Double Light for Downtown Lamps

    If you have walked around downtown Montauk in recent days and seen men on ladders working on and around its 19th century-style street lamps, no, the men are not lamplighters removing the wires and fueling the lamps with whale oil for the sake of authenticity.

    The poles were actually made by a company in Pennsylvania that was in business back in the whale oil days and manufactured cannons during the Civil War. The design of the poles and fixtures, created especially for Montauk 18 years ago, is now known as “The Montauk Light,” and has been used by a number of other communities.

    The lamps, which replaced towering, institutional-looking  Cobra poles, were the idea of John Keeshan, whose real estate office was and is located on the Circle, and of Brad and Claudia Dickinson, who owned the nearby Carriage House shop at the time. They were instrumental in forming the Montauk Downtown Association, which raised about $100,000 for the project from the community. The town added another $400,000, and has now agreed to come up with $60,000 to upgrade the lamps.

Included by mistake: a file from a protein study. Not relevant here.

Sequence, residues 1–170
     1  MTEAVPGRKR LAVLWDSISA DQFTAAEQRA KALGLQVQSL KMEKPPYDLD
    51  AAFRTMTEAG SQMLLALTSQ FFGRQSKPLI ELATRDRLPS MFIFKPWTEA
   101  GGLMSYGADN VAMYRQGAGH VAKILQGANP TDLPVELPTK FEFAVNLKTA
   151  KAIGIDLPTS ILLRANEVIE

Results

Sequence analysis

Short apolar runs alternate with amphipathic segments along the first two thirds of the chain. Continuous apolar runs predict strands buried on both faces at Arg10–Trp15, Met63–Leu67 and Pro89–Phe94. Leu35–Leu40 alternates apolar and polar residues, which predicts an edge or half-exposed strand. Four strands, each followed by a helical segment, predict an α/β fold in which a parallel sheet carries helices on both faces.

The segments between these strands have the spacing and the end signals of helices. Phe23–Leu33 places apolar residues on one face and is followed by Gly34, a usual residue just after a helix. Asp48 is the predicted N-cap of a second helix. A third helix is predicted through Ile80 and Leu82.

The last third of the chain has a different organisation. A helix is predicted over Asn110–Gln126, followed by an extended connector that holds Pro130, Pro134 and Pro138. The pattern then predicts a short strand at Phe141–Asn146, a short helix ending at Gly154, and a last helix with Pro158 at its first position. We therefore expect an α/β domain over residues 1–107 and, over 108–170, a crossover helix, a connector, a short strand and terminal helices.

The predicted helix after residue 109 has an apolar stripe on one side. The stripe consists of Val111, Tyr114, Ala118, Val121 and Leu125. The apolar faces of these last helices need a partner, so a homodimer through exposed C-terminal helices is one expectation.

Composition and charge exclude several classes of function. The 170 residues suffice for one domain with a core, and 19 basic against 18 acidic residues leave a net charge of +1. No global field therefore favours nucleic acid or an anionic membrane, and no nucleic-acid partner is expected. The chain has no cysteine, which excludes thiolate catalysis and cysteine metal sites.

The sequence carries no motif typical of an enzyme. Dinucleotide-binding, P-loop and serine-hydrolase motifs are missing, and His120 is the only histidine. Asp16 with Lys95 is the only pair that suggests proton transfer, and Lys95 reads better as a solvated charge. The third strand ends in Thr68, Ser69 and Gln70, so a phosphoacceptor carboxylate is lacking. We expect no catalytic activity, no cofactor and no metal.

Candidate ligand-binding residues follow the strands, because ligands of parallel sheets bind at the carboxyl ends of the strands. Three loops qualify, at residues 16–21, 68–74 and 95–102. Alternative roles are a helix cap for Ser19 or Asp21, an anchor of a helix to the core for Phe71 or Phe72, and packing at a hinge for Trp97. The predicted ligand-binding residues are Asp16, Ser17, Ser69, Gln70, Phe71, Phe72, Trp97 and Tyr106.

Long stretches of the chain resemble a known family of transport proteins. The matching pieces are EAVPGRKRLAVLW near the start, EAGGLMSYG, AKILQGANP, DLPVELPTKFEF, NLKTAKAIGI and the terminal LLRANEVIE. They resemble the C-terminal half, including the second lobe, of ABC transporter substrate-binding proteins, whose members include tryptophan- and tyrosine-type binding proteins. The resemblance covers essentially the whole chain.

Reached last week, Mr. Keeshan seemed re-illuminated, himself, in telling how the upgrade gives the lamps “double illumination, from 75 to 150 watts, but soft, diffused light. They don’t shine up. It makes for a softer environment.”

    The realtor said the poles are being refurbished as well, with the help of Tony Littman of the town’s building and grounds department. They are being repainted, and the plaques that bear the names of contributors, restored.

    “I’m the lamplighter,” Mr. Keeshan said, beaming his signature smile and going on to mention a few fringe benefits offered by gussying up.

    “You drive into town and see American flags on the light poles at times. At Christmas, the lights on the trees are plugged into the poles’ underground wiring. It gives a sense of celebration.”